Exonerees in Michigan are on their own when they leave prison. They do not receive compensation for the years spent unjustly in custody, unlike in 30 other states that provide such payments, says the Detroit Free Press. “If you’re an exoneree, you get nothing … You don’t have a parole officer. You walk out. That’s it,” said Caitlin Plummer of the University of Michigan Innocence Clinic. “They treat you as if it never happened and just send you out the door with nothing.” Since 1990, 55 people have been exonerated in Michigan and about 1,500 nationwide. Since the advent of DNA evidence, which plays a role in some, exonerations, more states have passed compensation laws.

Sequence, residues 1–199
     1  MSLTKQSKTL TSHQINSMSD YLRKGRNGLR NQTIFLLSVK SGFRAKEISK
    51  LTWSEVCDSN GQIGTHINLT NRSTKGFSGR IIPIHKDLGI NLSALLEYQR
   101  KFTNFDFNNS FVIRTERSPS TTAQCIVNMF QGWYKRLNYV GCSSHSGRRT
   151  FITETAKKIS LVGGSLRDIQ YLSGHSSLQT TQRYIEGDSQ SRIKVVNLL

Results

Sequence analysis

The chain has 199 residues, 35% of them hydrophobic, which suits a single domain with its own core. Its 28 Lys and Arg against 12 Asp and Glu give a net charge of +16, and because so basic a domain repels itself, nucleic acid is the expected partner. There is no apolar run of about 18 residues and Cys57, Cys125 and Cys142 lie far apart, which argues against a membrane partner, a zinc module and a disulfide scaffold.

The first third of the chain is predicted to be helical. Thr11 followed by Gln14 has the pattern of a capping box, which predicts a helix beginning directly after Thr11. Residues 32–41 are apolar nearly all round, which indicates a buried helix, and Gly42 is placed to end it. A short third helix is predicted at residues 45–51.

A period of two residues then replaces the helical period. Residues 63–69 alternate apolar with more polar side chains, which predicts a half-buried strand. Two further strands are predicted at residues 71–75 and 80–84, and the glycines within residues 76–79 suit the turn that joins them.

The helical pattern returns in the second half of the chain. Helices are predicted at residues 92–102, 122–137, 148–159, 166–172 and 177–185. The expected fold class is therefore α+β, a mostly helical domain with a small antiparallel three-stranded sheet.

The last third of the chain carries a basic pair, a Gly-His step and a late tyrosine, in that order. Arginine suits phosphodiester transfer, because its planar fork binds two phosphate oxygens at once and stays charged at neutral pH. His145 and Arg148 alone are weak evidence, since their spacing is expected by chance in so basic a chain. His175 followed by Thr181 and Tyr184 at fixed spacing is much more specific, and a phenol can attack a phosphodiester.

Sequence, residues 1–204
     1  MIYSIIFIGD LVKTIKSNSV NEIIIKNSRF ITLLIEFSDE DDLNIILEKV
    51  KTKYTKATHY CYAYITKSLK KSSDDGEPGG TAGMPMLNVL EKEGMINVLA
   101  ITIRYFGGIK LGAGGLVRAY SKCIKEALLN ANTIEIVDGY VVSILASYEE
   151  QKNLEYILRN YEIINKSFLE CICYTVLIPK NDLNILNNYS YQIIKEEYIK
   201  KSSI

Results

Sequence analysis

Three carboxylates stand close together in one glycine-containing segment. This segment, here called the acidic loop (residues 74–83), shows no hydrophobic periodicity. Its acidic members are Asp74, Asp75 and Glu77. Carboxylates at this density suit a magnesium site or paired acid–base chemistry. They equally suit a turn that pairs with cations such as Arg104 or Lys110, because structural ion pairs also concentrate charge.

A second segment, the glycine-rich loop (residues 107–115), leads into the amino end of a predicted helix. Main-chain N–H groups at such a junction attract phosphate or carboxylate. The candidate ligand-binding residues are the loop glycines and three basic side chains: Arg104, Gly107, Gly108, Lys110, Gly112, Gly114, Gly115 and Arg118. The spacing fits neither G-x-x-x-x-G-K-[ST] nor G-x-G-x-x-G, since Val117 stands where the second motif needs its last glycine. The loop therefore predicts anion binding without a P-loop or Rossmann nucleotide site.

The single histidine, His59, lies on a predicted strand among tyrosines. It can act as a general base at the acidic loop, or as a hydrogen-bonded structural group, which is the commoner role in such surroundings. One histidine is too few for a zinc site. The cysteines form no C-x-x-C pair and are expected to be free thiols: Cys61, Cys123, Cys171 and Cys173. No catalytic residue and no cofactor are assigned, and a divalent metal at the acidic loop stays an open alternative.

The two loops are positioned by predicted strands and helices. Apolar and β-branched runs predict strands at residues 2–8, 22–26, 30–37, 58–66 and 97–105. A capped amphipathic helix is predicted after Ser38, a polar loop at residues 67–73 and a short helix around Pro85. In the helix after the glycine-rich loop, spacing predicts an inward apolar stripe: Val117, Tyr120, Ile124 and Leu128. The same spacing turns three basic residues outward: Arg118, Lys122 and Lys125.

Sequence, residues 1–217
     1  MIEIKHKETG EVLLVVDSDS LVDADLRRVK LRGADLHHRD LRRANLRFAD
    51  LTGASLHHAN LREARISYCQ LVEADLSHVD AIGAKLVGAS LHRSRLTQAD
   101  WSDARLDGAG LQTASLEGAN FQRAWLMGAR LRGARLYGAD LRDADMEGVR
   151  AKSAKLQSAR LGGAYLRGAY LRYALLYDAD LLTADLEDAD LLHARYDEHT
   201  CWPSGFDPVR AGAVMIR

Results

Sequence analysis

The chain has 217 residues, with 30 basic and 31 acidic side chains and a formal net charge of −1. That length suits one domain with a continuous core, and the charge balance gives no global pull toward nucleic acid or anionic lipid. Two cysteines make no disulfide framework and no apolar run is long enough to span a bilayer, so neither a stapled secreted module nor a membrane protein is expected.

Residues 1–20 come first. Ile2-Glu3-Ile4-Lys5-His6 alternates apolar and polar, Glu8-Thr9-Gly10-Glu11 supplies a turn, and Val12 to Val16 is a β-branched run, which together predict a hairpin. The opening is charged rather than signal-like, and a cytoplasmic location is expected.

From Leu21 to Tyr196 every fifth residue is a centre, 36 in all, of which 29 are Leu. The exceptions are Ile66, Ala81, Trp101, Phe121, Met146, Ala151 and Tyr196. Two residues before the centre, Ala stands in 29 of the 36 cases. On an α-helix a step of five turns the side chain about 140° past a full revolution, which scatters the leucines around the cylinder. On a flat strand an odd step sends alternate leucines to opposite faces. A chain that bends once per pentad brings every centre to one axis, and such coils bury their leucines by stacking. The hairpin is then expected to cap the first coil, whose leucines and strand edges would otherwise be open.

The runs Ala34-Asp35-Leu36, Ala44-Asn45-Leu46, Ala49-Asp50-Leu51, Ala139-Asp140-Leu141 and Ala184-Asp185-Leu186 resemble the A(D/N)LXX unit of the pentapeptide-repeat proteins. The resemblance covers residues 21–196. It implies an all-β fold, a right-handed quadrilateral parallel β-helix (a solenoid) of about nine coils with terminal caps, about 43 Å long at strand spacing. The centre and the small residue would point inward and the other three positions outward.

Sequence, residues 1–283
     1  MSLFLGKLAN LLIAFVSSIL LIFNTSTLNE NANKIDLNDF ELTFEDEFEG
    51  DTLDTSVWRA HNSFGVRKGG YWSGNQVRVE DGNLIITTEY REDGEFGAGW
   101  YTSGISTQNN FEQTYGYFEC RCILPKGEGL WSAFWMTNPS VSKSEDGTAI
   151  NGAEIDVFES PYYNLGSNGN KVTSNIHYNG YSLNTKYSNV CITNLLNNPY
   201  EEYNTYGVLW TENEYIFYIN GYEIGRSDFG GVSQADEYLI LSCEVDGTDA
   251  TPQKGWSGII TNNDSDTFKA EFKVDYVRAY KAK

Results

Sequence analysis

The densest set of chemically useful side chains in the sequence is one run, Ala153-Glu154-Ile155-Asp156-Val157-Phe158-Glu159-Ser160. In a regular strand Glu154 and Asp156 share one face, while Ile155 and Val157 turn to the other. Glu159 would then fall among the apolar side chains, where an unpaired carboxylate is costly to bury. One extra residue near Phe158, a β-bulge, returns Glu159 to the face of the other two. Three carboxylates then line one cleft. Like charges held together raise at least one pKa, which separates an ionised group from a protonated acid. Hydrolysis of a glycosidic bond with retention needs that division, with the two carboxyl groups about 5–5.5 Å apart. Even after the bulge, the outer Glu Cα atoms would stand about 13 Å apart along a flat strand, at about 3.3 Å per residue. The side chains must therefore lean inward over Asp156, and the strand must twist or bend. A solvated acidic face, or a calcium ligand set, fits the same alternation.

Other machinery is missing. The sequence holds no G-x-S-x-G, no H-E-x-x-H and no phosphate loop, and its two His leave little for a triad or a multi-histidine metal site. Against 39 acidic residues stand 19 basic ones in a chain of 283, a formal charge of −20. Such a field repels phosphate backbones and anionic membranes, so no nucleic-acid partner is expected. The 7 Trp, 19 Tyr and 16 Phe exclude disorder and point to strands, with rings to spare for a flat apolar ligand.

Jamie Peterson, 40, won his freedom from a life sentence three months ago after being locked up since 1997 in the rape and murder of an elderly woman. Plummer and Peterson’s other lawyers convinced a judge to overturn the convictions because new DNA testing pointed to another man, who was arrested and now is awaiting trial. Peterson is not really free, in the purest sense of the word. His rape-and-murder convictions still were listed last week on the state Department of Corrections website. He has been living in a sort of group home, where he receives counseling that may help him live on his own. His attorneys say he is mentally impaired. As for paying bills, Peterson has relied on goodwill, and he has applied for government disability payments.